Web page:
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You. Not. Expendable. Part 4: Jason Statham Revisited (LOCK, STOCK, AND TWO SMOKING BARRELS, THE TRANSPORTER, and CRANK)!!

 

 

 

 

What’s up, Contenders? Terry Malloy here reporting live from the Waterfront.

 

You. Not. Expendable. Will revisit some of the classic (and not so classic) films starring the various and sundry cast members of The Expendables 2 in order to open up a conversation about action cinema in general and to prepare us all for the carnage that Expendables 2 will (hopefully) reap upon us all. 

 

As we approach the August 17th theatrical release date of The Expendables 2, You. Not. Expendable will highlight different cast members, singling out a few of their feature film endeavors. The jury is still out on whether you, too, will want to revisit each of these films.

 

Jason Statham AKA Lee Christmas 

 

I’ve always been a pretty big fan of Jason Statham, but I don’t quite think his film output has achieved the level of greatness that most of his EXPENDABLES co-stars have achieved. In many ways, Statham’s Christmas is the new kid on the block in the EXPENDABLES films. He’s Stallone’s right hand man in this crew, and therefore integral to THE EXPENDABLES franchise. But revisiting his filmography was a little more challenging for me to break down.

 

Basically, with the past You. Not. Expendable. columns, I’ve tried to dig up some diamonds in the rough and spend time talking about underseen action gems from some of our titans of action. But when it comes to Statham, there were a few kinks in my plan. For one thing, he has fewer starring roles to choose from than many of his co-stars. And for another, much of his leading man work has taken place in the last decade. So lots of his stuff was either ensemble work where he is not the star, or was so new that it wasn’t really worth revisiting! So I’ve basically taken the totally opposite track here and selected some of Statham’s biggest roles to revisit. His franchises, and his big screen debut.

 

 

 

 

LOCK, STOCK, AND TWO SMOKING BARRELS (1998)

 

TAGLINES

 

  • A Disgrace To Criminals Everywhere
  • They lost half a million at cards but they've still got a few tricks up their sleeve

 

Guy Ritchie was pretty much the man upon the releases of LOCK, STOCK and SNATCH. And the person in front of the lens who benefitted most from the utter cool that those films wrought upon us was Jason Statham. Sure, Ritchie went on to a couple of missteps such as SWEPT AWAY and REVOLVER (dragging Statham down with him on that one.) But I still love Ritchie’s brand of energy and feel like his SHERLOCK HOLMES franchise is good fun. And I’d still love to see an unending series of London crime films from him. I might be one of the biggest fans I know of his most recent effort on that front, ROCKNROLLA. But I digress, many of the talents involved in LOCK, STOCK went on to have successful careers as character actors, and producers and directors. But I think Jason Statham has had the best ride of them all.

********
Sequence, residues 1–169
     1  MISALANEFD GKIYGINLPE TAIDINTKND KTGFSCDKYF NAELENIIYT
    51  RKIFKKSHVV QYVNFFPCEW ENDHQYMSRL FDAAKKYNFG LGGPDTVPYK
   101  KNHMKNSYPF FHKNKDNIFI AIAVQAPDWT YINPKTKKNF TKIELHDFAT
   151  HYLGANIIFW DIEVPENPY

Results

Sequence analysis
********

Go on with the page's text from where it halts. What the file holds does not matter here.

Here in LOCK, STOCK, Statham plays Bacon. A main character, to be sure, but just one part of an alarmingly large ensemble. Bacon is the laid back, reasonable voice amongst his group of four friends who get in way over their heads in a huge poker game in the crime-ridden streets of London. Bacon is up for a good robbery, or a pull off of a decent jay. But he’s not one to over react.

 

LOCK, STOCK was a bit of a revelation upon its release in 1998. Ritchie’s film was undeniably cool, and felt ahead of its time. LOCK, STOCK and SNATCH showed us what the new cinematic cool really could be. You’ve got a marvelously seedy London filled with colorful and violent gangsters. But you’ve also got a deadpan sense of humor running through the whole affair. LOCK, STOCK could be considered a crime comedy on one level. But then throw in (on top of the authenticity and the humor) an incredibly twisty and winding and interconnected story that sort of blows your mind, and you’ve got one hell of a debut feature. More than that, you’ve got almost an entirely new genre on your hands. 

 

 

Since LOCK, STOCK, the Guy Ritchie formula/genre has come to feel more familiar. Other filmmakers have aped him. And, It is possible that Ritchie has a somewhat limited bag of tricks, but what an entertaining and clever bag of tricks it is. As I mentioned above, I think I’d happily continue to revisit the criminal underbelly of London through the eyes of Guy Ritchie forever as long as the output is more LOCK, STOCK and less REVOLVER.

 

Statham’s role as the balanced, cool, and calm Bacon actually makes him somewhat of a straight man to some of the crazier characters here. Maybe that calm coolness allows him to be somewhat upstaged by some of the zanier elements at play in LOCK, STOCK, but maybe it also planted the seeds for his future as a badass action hero. But at the time of this film’s release, no one could have predicted Statham’s rise into the pantheon of action heroes.